Electromagnetic induction occurs when the variation of a magnetic field in the vicinity of a conductor causes the appearance of an induced electromotive force . It is described qualitatively and mathematically by the Faraday-Lenz law . This phenomenon explains the emergence of the electromotive force induced in conductive coils inserted in regions endowed with a variable magnetic field , which may be this variation in modulus , direction or direction.
According to the Faraday-Lenz law , when a coil is inserted into a region of magnetic field, as when placed between the magnetic poles of a magnet, it is continuously traversed by a certain number of induction lines, also known as lines of induction. magnetic field . If the “ number” of induction lines changes, an electric current will appear in the coil, giving rise to a magnetic field that opposes the change in the number of lines that cross this coil.
The amount of magnetic field lines (also known as induction lines) that cross the area of a conductor is called the magnetic flux . It is a scalar quantity , measured in weber (Wb), which depends on factors such as the strength of the magnetic field, the area of the conductor and the angle formed between the magnetic field lines and the direction normal to the area of the driver.
The formula used to calculate the magnetic flux is as follows:
Φ – magnetic flux (Wb or T/s)
B – magnetic field (T)
A – conductor area (m²)
θ – angle formed between the magnetic field and the direction normal to area A (º)
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Induced electromotive force ( emf )
The induced electromotive force ( emf ) is actually a dynamic electric potential. This electric potential, measured in volts (V), arises to compensate for the variation of the magnetic field flux that passes through a conductor. Therefore, in conductors, the emergence of emf is accompanied by the establishment of an induced electric current.
The induced electromotive force is equal to the change in magnetic flux with respect to a certain time interval. Watch:
ε – induced electromotive force (V)
Δ Φ = Φ F – Φ i – variation of magnetic flux (Wb)
Direction of induced electric current
The direction of the induced electric current in a loop depends on the variation of the magnetic flux over it. If the north magnetic pole of a magnet is pointed towards the loop and that magnet approaches, for example, the loop will produce a north magnetic field to oppose such variation. In this case, the electric current will have its direction of circulation determined by the right hand rule: we point the thumb in the direction of the magnetic field and then close the fingers of the right hand . The direction of the closing of the fingers indicates the direction of the electric current. The following figure illustrates the described situation:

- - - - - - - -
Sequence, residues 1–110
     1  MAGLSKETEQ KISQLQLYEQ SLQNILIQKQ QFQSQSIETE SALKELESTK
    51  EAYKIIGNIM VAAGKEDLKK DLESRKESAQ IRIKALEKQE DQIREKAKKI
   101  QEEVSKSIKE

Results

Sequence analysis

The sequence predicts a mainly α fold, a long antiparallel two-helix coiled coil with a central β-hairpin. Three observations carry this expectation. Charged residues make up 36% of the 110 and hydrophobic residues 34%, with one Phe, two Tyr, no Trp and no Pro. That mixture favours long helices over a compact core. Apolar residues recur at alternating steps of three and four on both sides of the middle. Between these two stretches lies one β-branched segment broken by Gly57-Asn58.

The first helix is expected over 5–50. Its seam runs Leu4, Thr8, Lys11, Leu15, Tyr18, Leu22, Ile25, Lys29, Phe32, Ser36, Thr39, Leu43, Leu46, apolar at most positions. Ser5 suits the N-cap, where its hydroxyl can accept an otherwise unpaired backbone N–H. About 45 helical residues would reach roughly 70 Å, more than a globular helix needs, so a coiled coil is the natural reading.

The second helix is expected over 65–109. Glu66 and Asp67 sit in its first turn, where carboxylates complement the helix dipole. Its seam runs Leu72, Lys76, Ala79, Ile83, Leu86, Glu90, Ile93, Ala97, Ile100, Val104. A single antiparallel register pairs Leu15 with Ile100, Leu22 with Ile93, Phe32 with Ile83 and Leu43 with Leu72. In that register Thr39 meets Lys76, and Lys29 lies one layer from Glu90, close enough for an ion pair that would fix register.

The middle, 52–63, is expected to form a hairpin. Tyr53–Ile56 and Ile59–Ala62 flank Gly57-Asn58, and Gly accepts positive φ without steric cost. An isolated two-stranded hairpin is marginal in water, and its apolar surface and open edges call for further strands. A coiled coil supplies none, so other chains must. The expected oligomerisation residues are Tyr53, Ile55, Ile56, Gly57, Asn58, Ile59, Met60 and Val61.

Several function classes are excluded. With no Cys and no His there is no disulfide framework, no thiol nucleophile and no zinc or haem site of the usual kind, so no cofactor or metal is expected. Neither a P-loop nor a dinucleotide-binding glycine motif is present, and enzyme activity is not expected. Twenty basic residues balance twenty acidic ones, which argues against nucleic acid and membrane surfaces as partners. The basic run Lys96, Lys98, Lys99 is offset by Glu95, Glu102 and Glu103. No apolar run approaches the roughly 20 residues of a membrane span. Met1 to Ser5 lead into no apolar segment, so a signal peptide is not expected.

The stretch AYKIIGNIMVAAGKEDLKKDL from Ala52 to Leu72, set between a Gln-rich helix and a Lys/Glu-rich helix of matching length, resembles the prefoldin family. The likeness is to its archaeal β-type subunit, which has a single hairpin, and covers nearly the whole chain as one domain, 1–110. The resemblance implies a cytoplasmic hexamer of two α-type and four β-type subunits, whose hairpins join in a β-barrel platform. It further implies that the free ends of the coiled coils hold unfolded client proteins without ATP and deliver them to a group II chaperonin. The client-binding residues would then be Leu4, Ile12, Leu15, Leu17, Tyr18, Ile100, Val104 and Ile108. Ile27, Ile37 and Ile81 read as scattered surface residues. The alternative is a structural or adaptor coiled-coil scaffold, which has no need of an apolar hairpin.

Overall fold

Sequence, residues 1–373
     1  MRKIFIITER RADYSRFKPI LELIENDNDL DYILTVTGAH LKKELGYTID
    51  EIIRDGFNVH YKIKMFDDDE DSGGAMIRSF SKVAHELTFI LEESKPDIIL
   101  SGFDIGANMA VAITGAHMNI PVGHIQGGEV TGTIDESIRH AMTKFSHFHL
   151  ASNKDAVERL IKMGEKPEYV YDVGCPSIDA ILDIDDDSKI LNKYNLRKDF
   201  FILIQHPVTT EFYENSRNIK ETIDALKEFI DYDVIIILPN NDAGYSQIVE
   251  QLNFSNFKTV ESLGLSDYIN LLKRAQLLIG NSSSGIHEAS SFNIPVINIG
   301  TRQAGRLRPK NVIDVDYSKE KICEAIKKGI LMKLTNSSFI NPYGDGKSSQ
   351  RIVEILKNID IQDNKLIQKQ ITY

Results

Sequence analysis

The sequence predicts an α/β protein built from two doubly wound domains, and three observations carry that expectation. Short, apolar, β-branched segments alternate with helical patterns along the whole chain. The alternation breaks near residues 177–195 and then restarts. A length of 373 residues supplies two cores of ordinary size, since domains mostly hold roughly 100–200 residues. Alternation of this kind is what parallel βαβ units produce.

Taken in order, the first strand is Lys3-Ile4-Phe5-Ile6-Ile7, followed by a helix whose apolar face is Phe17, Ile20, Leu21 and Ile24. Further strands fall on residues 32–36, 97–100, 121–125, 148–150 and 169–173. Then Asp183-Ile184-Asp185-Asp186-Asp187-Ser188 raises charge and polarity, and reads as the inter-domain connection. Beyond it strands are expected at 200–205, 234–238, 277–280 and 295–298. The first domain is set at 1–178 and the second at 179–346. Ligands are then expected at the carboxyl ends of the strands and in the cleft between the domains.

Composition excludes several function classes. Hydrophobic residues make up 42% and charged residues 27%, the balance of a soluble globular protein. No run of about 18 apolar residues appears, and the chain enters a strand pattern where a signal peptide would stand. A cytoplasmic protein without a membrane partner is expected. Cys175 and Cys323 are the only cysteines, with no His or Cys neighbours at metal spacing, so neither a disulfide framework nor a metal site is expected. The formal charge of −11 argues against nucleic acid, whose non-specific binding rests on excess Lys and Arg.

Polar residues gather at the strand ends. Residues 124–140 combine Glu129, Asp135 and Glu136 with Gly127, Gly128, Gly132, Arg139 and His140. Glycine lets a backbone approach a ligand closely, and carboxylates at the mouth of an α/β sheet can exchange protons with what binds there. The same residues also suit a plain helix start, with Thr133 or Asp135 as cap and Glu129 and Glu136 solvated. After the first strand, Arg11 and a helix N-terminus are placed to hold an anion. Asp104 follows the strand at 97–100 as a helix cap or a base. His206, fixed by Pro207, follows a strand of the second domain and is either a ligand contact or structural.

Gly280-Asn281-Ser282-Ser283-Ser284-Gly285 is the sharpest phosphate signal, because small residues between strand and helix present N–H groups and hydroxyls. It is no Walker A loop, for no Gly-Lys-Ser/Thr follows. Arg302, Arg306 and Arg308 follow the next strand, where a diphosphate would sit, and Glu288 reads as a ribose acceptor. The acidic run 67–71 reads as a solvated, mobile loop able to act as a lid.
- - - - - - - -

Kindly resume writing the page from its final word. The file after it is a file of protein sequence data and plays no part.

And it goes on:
Exercises on electromagnetic induction
Question 1 – (UPF) Electromagnetic induction is a phenomenon that is present in various equipment that we use daily. It is used to generate electrical energy and its physical principle consists in the appearance of an electromotive force between the ends of a conducting wire. For this electromotive force to arise, there must be a change in
a) electric field.
b) electrical resistance.
c) electrical capacitance.
e) magnetic flux.
Template: letter E. According to Faraday’s law, for an electromotive force to arise, a change in the magnetic field flux must occur.
Question 2 – (Enem) RFID tag communication technology (called smart tag) has been used for years to track cattle, train cars, air luggage and cars at tolls. The cheaper model of these tags can run without batteries and is made up of three components: a silicon microprocessor; a metal coil, made of copper or aluminum, which is wound in a circular pattern; and an encapsulator, which is a glass or polymer material surrounding the microprocessor and coil. In the presence of an RF field generated by the reader, the tag transmits signals. The reading distance is determined by the size of the coil and the power of the radio wave emitted by the reader. Available at: https://eleletronicos.hsw.uol.com.br. Accessed on: 27 Feb.2012 (adapted).
The tag works without batteries because the field
a) Electricity of the radio wave stirs electrons from the coil.
b) Electricity of the radio wave creates a voltage in the coil.
c) Magnetic radio wave induces current in the coil.
d) Magnetic radio wave heats the coil wires.
e) Magnetic radio wave reduces the resonance inside the coil.
Template: letter C. The variable magnetic field that hits the coil induces the emergence of an electromotive force, which, in turn, favors the establishment of an electric current.